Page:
At their core, expert networks exist to help people communicate complex topics to one another.  Effective communication is rarely easily accomplished, and sometimes a great deal of human hand-holding is required to establish the trust required to enable strangers to have a deep, meaningful conversation.

One can try to replicate that trust-building via technology, but such is easier said than done. As such, the traditional expert network industry is largely a human-centric, customer service business.

Incumbent advantages

  • Affinity for the familiar – existing players have an advantage in any industry, but given the high touch nature of traditional expert networks, those advantages are particularly acute here. Users of traditional expert networks are constantly on the phone / emailing with their account managers – and over time, the relationship naturally becomes stronger.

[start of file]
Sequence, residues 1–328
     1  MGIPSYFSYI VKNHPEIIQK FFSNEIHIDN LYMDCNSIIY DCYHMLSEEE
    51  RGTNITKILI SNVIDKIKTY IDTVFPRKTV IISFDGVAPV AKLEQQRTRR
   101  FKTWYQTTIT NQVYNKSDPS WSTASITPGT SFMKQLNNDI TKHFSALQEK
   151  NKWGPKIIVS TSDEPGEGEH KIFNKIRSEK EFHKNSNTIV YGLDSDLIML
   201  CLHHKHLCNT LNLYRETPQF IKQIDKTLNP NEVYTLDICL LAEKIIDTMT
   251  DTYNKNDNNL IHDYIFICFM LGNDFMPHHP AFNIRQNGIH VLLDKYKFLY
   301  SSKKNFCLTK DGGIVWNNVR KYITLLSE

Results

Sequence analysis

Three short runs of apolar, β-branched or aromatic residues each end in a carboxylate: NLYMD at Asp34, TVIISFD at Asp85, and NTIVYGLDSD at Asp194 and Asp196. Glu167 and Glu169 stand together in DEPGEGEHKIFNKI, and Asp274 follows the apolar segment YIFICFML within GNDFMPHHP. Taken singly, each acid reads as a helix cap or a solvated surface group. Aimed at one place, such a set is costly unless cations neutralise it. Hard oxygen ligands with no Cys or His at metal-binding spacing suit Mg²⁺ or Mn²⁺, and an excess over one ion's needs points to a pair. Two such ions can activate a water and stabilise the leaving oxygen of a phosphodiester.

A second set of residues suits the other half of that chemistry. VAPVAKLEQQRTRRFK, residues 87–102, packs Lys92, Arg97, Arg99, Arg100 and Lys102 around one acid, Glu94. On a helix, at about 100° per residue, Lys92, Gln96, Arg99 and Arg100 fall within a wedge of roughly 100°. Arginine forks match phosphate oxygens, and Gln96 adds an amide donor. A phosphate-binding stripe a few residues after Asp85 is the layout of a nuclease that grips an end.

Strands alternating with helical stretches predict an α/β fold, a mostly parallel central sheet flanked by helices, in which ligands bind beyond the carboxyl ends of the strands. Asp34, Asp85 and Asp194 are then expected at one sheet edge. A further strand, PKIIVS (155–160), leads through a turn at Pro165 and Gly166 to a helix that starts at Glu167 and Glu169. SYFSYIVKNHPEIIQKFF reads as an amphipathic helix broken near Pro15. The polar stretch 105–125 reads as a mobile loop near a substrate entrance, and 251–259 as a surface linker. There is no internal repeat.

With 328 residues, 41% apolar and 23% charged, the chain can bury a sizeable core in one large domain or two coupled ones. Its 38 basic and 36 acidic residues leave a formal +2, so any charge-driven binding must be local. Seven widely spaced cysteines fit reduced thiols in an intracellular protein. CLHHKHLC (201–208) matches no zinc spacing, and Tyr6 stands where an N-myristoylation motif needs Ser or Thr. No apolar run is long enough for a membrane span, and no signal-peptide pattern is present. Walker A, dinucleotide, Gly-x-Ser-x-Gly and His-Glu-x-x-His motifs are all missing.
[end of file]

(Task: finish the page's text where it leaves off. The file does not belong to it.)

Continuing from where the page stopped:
• Price insensitivity – traditional expert network users aren’t very price sensitive. If you are making a $50 million investment, what is an extra $500 to you for a call that could make or break the deal? If you are a consulting firm, these costs are generally passed on to your end customer so price becomes further abstracted.
  • Disconnect between end user and economic buyer – the person using expert networks is often an entry-level analyst. (I used to be one of them!) Sadly, any time + effort saved for junior analysts like us does not directly impact the economic decision makers. The average entry-level employee cares about personal career growth and is relatively risk averse. In general, actions that are client-facing and revenue-generating receive more visibility relative to actions to help the firm reduce expert network overhead—hence, this a dynamic that helps the incumbents.